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An expansion of the slave grave historical article

Guest Commentary

The June 4, 2020, edition of The Millerton News ran a follow-up article by reporter Carol Kneeland to one that ran a year ago about the grave of a Black man, believed to be a former slave, named Thomas Stansbury, who was buried at the North East Center Burying Ground in 1899. According to the article, research found that the grave is outside of the boundaries of the cemetery property, signifying a racial injustice that needs to be corrected in 2020.Since my name was mentioned in the article and because I have gathered a great amount of information regarding Thomas Stansbury and North East Burying Ground, I wanted to share the following information I have found while working with the North East Historical Society.

In regard to the location of the grave, we can look first to a description of the cemetery at the time Stansbury passed away. Between the years of 1898 and 1903, local historian Lawrence Van Alstyne copied all of the gravestone inscriptions from cemeteries in the area and recorded them in the book, “Burying Grounds of Sharon, Conn., Amenia and North East, New York.” He included Stansbury’s entire inscription among the 80 he recorded from the North East Center Burying Ground and did not in any way indicate that Stansbury’s stone was outside the fold, so to speak. 

Van Alstyne wrote a description of the burying ground as he found it. He noted that there were two private family plots: the Goodrich plot with 22 headstones, located in the front section along the highway, and the Lee family plot of six stones, just behind or to the east of the Goodrich plot. The two plots are separated by a stone wall. 

The Methodist Church stood on the north side of these plots. The earliest burials were at the Goodrich plots in 1812. Stansbury’s stone was one of the last to be added.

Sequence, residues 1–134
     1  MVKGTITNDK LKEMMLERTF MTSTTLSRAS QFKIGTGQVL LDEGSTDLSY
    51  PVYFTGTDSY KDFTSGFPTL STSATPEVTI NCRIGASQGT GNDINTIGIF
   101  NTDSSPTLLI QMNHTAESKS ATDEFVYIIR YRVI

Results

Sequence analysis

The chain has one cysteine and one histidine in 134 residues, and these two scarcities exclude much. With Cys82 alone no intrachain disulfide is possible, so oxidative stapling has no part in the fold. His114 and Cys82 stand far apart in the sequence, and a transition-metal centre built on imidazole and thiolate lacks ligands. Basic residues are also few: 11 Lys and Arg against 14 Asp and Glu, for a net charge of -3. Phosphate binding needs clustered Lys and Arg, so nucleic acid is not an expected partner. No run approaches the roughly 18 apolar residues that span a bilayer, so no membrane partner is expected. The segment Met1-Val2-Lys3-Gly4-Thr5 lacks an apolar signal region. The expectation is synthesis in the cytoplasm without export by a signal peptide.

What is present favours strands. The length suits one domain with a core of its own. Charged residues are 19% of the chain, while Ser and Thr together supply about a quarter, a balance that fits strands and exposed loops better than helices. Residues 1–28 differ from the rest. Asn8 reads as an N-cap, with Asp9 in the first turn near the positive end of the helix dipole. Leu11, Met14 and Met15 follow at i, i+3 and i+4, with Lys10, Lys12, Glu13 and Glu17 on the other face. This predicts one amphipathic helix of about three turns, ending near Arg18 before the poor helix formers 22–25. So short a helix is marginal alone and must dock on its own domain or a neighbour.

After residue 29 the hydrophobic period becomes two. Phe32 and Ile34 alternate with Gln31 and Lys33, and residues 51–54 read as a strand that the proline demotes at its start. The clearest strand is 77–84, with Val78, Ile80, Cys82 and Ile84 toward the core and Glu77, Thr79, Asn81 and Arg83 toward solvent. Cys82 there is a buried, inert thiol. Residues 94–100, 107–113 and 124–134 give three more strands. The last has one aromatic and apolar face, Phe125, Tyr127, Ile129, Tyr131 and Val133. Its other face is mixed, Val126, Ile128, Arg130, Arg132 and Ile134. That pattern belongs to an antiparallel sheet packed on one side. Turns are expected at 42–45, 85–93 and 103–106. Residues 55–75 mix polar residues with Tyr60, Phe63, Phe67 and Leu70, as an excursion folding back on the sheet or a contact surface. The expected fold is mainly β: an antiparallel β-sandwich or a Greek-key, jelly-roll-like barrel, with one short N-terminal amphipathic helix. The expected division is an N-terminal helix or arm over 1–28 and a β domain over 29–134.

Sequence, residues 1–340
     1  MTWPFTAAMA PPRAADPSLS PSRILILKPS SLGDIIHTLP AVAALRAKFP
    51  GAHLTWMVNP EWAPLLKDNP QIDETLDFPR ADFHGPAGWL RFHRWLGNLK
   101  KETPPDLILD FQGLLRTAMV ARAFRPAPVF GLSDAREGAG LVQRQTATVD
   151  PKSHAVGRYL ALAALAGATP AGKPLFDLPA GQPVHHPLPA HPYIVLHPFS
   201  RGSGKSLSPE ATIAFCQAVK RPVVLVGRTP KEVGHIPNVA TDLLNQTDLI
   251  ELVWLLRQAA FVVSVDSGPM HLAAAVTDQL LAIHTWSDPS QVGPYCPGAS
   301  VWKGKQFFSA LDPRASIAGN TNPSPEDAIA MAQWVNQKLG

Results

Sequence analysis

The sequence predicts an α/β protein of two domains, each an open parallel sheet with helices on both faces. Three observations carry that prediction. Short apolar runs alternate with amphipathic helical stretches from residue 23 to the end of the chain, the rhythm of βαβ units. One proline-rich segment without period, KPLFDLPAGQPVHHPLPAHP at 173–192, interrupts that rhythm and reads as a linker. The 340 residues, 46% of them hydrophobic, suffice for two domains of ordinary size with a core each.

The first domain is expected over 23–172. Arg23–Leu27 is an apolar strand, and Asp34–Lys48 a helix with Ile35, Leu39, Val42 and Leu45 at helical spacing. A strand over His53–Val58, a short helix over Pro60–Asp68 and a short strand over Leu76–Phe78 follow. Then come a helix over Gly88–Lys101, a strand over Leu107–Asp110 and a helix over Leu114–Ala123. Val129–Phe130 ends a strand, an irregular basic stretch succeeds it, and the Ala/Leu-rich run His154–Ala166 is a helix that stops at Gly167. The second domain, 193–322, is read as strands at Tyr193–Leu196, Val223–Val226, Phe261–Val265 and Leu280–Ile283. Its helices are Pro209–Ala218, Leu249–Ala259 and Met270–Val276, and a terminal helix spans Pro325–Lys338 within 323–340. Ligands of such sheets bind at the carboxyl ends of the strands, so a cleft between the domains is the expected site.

The remainder of the burying ground was available as a community cemetery. That portion is not visible from the highway, because it slopes downhill to the east. Van Alstyne wrote, “It is overgrown with bushes and greatly neglected, many of the stones being down, and the whole place full of briars.” 

Stansbury’s gravestone, which states it was “erected by Friends,” is located on the northern edge of the cemetery; it is of better quality than any of the stones there — except for one in the Goodrich section. In fact, Stansbury’s stone is similar to the Rev. Goodrich Horton family monument; both are made of thick granite, with lovely polished surfaces on which the inscriptions were carved. These two monuments were constructed in the 1890s and both are visible from the driveway of the Horton home, the former parsonage north of the cemetery. The Goodrich sisters may have been among Stansbury’s “Friends.”

Quite possibly, if the main part of the community cemetery was neglected and overgrown with briars, placing Stansbury’s grave on the northern edge of the cemetery might have been the only accessible location for adding another grave. The many broken and flattened stones would have made it difficult to know where there might have been an open plot for a new burial.